On Sunday night, Syrian activist Rami Jarrah was detained by the Qatari authorities when he landed at Doha International Airport. « Im not told why, im just told that im not allowed entry, » Jarrah tweeted under his pseudonym, Alexander Page. « i said ok ill go back, he said ‘you are #Syria’n then thats where you go.' » Jarrah, who was arrested and tortured for his participation in antigovernment protests before fleeing Syria, believes that had he been deported he most certainly would have been killed. (The Qataris ultimately allowed him to enter the country.) A week before he was detained, Jarrah told TIME that several men with Syrian accents had chased him through the streets of downtown Cairo several days earlier. A week before that, the shopkeeper below his building reported that Syrian men had come looking for him, asking what apartment he lived in and if he was at home. « No Syrians would know where I live, » says Jarrah, who is certain that his visitors were sent by the Syrian government. For two months, he has been receiving threatening phone calls. « They’re mainly at six in the morning, » he says. « That seems to be some sort of strategy, cause that’s when they can really scare you. We wake up to these phone calls saying ‘Assad owns you. Assad is the king.’ Stuff like that. It’s always a Syrian voice. »

Another recent escapee, Tareq Sharabi, was talking on his cell phone in the lobby of a Cairo hotel last week when two large men grabbed him from behind and dragged him across the floor. Sharabi instantly flashed back to the protests in Damascus where he had seen friends and colleagues drop like flies, shot down by government death squads popularly known as shibih — literally, ghosts. The men were muscled, with cropped hair, he says. « It was the same guys we used to see in the demonstrations in Syria. And when he grabbed me and said, ‘Are you with us or not?’ I felt like I was right back in Syria. » Sharabi’s friend, another Syrian, quickly pulled him back and the two ran out of the hotel. The men chased them for several blocks before giving up.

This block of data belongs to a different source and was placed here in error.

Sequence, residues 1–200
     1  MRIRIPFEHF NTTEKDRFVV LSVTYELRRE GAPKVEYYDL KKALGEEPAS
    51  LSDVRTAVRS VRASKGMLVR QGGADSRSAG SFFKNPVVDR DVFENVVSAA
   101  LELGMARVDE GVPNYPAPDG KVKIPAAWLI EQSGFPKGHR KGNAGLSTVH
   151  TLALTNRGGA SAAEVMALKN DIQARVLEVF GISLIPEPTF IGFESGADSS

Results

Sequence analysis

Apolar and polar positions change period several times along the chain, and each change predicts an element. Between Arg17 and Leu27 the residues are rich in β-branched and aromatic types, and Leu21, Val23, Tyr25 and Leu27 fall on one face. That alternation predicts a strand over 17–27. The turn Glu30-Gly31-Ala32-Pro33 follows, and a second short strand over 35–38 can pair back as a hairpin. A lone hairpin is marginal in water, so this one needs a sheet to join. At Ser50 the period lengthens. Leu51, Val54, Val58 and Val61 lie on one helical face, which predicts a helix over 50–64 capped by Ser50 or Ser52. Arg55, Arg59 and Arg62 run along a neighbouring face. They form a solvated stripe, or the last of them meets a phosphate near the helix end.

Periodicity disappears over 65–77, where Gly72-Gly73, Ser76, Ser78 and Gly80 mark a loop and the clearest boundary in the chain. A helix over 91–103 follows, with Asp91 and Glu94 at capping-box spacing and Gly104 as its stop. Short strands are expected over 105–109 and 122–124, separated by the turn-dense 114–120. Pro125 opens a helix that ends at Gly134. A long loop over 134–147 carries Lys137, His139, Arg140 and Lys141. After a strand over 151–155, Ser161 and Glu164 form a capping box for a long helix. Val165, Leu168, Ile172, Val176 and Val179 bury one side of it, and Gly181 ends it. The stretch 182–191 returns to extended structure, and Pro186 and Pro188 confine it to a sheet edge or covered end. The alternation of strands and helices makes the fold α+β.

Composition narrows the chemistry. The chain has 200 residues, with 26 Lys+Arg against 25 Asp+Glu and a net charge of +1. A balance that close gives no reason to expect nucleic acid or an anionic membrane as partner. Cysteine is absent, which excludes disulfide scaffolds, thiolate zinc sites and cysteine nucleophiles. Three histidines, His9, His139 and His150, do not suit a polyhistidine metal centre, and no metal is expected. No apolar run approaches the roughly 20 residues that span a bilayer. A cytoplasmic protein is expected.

In the early months of the uprising, neighboring Lebanon was one of the most popular destinations for critics of the Syrian regime, particularly due to its proximity to the Syrian city of Homs, where some of the worst violence has played out. But now, activists say, more and more Syrians are avoiding Lebanon entirely. « Our President thinks Syria is his own yard and Lebanon is his backyard, » says activist Abdulhamid Suleiman, sentenced in absentia to 11 years in jail for crimes including « trying to change the constitution in illegal ways » and « making a secret organization to publish fake news. » Says he: « I couldn’t go to Lebanon because it would have been more dangerous for me. That’s why I moved to Egypt. »